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Kaiima Seed Tech Company of Israel Gets $65 Million

Kaima seed company of Israel, has received $65 million investment to continue developing its technology for edible wheat, corn, and rice markets,and castor biodiesel.

Investors include the socially conscious Horizons Ventures, managing the private pay-it-forward investments of Li Ka-shing (Horizon previously invested in Facebook and the Israeli startup Waze); the International Financial Corporation, a member of the World Bank Group; and Infinity Group.

Kaiima currently has a commercial product available for castor plants. Read more:


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Castor Bean Proteins Mapped;Results Unconvincing For Castor Biodiesel

Danish scientists say a study of one biodiesel source plant — the castor bean — predicts problems if it’s considered for large-scale use as a fuel source.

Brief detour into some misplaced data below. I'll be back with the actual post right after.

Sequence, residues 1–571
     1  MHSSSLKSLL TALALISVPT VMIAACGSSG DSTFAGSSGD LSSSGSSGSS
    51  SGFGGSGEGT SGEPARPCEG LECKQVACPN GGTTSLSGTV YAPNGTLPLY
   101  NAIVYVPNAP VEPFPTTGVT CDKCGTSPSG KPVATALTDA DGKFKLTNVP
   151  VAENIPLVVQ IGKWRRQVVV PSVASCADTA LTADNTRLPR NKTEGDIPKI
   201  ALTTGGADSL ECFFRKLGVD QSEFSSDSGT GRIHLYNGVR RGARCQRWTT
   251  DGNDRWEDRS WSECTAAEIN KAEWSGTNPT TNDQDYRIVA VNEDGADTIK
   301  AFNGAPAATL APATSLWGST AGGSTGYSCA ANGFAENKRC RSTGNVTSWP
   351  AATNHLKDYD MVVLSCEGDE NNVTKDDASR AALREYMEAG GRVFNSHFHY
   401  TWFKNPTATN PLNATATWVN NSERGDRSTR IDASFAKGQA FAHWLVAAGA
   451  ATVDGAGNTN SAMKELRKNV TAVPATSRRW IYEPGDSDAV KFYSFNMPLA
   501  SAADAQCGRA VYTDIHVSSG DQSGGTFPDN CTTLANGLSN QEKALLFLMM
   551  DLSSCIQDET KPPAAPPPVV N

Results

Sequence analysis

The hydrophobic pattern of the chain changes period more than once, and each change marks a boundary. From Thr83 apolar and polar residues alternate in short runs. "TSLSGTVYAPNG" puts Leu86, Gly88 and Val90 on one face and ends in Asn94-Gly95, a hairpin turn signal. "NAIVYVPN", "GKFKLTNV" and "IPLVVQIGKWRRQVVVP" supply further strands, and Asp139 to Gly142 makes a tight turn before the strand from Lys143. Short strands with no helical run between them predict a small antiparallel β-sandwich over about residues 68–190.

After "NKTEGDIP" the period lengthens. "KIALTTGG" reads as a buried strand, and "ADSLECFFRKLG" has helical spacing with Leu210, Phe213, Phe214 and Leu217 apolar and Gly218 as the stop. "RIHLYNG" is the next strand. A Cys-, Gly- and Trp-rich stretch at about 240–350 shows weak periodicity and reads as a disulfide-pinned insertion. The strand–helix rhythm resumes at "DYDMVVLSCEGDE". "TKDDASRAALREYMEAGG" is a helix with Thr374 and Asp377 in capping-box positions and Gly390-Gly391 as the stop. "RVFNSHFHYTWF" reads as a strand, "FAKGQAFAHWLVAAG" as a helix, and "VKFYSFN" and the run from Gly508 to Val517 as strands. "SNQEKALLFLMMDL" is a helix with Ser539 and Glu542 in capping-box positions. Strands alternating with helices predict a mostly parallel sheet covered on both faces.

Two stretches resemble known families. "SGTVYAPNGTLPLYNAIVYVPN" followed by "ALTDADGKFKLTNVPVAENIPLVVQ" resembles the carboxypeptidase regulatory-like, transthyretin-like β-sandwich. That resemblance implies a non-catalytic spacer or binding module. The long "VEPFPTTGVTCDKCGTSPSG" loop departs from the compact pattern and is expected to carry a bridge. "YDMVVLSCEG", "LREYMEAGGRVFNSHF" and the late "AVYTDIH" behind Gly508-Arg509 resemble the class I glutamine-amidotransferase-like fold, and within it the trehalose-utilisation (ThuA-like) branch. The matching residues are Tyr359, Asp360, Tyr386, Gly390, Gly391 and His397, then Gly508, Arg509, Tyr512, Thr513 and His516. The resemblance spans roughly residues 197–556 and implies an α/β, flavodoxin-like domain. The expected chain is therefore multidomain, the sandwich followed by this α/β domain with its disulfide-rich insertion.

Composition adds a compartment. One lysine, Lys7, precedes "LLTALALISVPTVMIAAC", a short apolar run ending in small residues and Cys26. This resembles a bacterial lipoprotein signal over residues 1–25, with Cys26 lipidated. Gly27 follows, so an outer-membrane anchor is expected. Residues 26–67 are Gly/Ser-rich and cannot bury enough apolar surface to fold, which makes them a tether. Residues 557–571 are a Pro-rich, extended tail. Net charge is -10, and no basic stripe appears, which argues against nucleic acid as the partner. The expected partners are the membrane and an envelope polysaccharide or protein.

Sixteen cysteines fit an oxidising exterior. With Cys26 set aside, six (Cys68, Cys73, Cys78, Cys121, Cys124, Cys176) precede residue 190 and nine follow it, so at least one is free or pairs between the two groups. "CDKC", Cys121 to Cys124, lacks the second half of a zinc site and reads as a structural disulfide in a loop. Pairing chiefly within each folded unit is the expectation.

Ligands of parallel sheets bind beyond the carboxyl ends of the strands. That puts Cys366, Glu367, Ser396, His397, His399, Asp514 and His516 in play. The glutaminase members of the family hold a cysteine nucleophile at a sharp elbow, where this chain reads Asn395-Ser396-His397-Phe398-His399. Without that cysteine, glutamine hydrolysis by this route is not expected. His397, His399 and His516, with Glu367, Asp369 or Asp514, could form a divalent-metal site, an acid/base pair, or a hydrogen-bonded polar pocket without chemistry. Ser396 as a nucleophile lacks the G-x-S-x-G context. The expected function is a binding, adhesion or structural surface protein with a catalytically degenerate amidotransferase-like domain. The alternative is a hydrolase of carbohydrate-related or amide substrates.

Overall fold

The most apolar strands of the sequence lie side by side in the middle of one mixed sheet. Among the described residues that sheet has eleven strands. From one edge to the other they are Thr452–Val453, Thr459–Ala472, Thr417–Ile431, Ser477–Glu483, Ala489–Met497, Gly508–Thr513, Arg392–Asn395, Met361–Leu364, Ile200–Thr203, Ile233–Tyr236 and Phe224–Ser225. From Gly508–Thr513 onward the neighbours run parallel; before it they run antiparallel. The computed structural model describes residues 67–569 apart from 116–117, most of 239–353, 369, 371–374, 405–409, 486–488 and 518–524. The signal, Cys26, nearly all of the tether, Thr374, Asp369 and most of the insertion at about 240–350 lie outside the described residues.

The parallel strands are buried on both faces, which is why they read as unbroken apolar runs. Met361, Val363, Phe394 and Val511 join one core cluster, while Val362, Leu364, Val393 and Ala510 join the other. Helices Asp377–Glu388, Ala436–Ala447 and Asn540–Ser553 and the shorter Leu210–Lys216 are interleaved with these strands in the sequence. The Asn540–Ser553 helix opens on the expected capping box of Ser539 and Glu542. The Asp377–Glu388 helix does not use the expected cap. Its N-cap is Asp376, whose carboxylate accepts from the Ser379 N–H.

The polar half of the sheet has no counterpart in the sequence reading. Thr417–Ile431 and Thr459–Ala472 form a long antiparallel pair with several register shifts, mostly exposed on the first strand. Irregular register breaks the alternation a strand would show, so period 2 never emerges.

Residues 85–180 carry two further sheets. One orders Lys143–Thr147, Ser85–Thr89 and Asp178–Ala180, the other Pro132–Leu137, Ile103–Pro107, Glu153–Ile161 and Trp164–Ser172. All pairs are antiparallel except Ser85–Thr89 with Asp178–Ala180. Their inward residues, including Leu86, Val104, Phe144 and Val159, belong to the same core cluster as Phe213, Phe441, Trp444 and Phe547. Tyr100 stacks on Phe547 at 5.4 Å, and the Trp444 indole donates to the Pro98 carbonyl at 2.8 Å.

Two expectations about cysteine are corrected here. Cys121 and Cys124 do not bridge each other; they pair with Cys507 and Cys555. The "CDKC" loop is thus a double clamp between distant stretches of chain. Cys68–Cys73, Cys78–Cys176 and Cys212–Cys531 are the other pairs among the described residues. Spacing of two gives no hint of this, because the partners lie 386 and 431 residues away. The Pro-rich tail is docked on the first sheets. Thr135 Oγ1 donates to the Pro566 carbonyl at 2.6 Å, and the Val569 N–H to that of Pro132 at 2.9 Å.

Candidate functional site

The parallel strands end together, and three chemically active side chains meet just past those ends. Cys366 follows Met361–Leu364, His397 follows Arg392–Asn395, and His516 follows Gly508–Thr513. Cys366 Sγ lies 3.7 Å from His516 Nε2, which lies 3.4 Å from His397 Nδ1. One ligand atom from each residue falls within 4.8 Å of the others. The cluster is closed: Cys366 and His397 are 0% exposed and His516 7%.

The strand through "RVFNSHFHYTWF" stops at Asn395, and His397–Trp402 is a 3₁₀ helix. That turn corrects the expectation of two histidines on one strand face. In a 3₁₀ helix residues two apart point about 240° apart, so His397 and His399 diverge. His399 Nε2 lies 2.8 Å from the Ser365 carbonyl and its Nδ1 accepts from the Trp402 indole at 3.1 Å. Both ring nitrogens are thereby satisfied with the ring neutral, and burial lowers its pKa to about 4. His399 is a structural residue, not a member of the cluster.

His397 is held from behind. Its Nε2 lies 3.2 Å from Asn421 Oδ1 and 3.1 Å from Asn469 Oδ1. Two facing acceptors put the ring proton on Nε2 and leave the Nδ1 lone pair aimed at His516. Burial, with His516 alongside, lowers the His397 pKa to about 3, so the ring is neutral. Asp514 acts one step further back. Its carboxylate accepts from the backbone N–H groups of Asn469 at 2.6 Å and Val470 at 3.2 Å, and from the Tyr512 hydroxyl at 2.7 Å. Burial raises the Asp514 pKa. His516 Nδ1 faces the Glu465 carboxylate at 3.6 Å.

While countries like Brazil and India grow large quantities of castor oil beans that can be refined into bio-diesel, the beans contain allergens and also the extremely potent poison ricin, meaning bean pulp left after extraction of the oil cannot be used for animal feed and becomes a problematic waste byproduct.

“Therefore we are interested in finding out if it in some way could be possible to eliminate the allergenic proteins and the ricin from the beans, so that the pulp can be used for animal feed,” said biochemist Peter Roepstorff at the University of Southern Denmark.

Roepstorff and a team of Danish/Brazilian colleagues have mapped thousands of proteins found in castor beans, with discouraging results.

While both ricin and the allergen 2S Albumin are only present in low amounts in the early development stages of the bean, they found, as the beans mature the content of ricin and 2S Albumin increases.